In all of these citations, the typical annealing schedule consists of a relatively slow heating to a peak temperature in the range of 850° to 950° C., annealing in oxygen at this temperature for a time period ranging from a few minutes to an hour, followed by a slow cooling at a rate of 1 to 3 degrees per minute. Using such an annealing schedule, YBa2 Cu3 O7-y films having Tc 's above 90 K. and critical current densities above 106 A/cm2 have been reported in the literature as having been made on the particular substrates mentioned above.
For most electronic uses, however, the superconducting films must be grown on substrates employed in integrated circuits, such as Si, SiO2 and Si3 N4 substrates. Unfortunately all attempts known to us by others in the past to prepare YBa2 Cu3 O7-y films by physical deposition techniques on silicon and silicon dioxide substances have given films having poor superconducting properties, i.e., low Tc 's. When we used the typical annealing schedule described above to anneal films deposited by a physical deposition on Si and SiO2 as we had used for films deposited, for example, on SrTiO3, we obtained results similar to those reported in the literature, namely, the films had poor superconducting properties. Generally, such films vapor deposited on silicon have a Tc less than 30 K. The poor superconducting properties are attributed to the interdiffusion of one or more of the elements of the film and substrate.
In a paper presented in Nov. of 1987 by Robert B Laibowitz and entitled "Vapor Deposited High Tc Superconducting Oxide Thin Films" it was reported that thin films of the compound YBa2 Cu3 Oy were deposited on substrates such as sapphire, MgO, ZrO2, SrTiO3, Si and SiO2. Annealing was carried out in oxygen in a conventional furnace generally at temperatures around 920° C. for about 4 minutes and the samples were cooled slowly to room temperature in the furnace. The films on all of the substrates of the paper listed above, other than Si and SiO2, were reported to be superconducting. Superconducting properties were not reported for films deposited on Si or SiO2 and it must be inferred that Laibowitz was not successful in making superconducting films on the silicon and silicon dioxide substrates. Similarly, in an article in the Detroit Free Press on Mar. 17, 1988, General Electric is quoted as stating that "Previous attempts to apply a superconducting film on silicon had failed because the layers mixed in the process of heating the film, known as annealing". According to that article, scientists at GE addressed the problem by using a buffer layer of zirconia, a heat resistant metallic oxide. It was reported that superconductive films having a Tc of 87 K. were obtained by using the buffer layer of zirconia between the film and the silicon substrate.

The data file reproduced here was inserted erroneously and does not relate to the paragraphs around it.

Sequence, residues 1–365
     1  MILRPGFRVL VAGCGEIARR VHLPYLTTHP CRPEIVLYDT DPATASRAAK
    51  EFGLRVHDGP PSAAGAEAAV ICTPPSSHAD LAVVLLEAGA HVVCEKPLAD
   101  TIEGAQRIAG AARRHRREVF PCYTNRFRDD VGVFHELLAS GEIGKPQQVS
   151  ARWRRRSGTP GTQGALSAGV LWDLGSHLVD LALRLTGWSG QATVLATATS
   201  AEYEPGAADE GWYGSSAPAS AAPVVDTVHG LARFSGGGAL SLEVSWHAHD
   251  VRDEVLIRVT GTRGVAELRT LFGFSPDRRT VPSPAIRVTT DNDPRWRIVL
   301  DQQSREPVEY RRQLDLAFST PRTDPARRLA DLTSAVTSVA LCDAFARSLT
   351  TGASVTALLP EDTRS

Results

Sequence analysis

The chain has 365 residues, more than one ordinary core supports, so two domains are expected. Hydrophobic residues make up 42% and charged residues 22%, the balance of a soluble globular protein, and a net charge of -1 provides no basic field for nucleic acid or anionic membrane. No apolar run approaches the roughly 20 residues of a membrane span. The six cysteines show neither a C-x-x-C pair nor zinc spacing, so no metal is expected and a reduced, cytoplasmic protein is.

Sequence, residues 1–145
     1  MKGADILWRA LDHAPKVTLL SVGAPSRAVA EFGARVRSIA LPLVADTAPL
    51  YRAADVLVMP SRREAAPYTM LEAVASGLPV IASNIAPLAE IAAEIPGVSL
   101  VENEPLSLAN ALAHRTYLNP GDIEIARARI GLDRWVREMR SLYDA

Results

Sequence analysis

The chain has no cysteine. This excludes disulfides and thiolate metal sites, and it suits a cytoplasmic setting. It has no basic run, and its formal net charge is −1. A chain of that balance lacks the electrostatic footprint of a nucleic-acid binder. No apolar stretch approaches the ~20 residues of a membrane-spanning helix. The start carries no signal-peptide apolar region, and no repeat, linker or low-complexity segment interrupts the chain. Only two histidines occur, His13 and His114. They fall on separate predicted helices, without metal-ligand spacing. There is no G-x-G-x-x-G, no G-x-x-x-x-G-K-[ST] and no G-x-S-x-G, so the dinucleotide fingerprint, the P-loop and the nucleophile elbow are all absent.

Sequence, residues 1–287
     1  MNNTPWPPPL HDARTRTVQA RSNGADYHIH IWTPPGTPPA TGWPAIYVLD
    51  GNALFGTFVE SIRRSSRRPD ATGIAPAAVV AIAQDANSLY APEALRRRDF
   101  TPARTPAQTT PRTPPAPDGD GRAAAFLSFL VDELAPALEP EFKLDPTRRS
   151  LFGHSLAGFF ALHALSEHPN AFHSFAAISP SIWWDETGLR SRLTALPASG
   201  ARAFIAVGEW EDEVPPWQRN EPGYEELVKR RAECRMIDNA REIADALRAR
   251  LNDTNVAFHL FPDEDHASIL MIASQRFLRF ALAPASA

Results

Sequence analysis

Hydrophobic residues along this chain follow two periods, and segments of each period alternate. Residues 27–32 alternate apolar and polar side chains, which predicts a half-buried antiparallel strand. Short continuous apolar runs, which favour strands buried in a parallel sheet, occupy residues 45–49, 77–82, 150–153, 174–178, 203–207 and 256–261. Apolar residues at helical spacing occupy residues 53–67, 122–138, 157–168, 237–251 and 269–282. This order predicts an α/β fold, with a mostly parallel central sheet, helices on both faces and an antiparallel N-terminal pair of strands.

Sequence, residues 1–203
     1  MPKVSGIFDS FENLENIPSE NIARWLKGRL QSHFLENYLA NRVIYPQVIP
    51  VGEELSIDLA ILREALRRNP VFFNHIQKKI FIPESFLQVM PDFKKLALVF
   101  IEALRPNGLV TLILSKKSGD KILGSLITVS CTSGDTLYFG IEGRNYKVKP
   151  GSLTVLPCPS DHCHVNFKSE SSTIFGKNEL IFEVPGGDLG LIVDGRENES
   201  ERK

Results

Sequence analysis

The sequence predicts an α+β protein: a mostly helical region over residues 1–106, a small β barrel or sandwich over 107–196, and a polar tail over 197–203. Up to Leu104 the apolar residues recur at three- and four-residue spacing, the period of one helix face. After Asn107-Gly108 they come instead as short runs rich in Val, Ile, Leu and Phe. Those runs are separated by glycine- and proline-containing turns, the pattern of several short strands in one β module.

In "High Tc Superconducting Films From Metallo-Organic Precursors", W. W. Davison et al, it was reported that films of YBa2 Cu3 O7-x deposited on silicon by metalorganic deposition have a Tc of about 80 K. Reportedly, the film was about 0.7 μm thick and was annealed in oxygen for one hour at 900° C. It was also suggested in this reference that a diffusion barrier such as silver might be used between the film and the silicon. If this work is substantiated, it represents an advance in the art but provides teachings regarding only films deposited by a non-physical deposition technique i.e., a non-vacuum-type metalorganic deposition technique.
It is still desirable, however, to use physical deposition techniques to make good superconducting films of YBaCuO, particularly YBa2 Cu3 O7-y, on silicon and silicon dioxide substrates, which films do not require a buffer layer to insure good superconducting properties in the film. It is an object of the invention to provide a method for making high Tc superconducting metal oxide films on silicon and silicon dioxide substrates, wherein the precursor (non-superconducting) film is deposited on the substrate by physical deposition techniques, which films further do not require a buffer layer between the film and substrate to insure a finished film of good superconducting properties.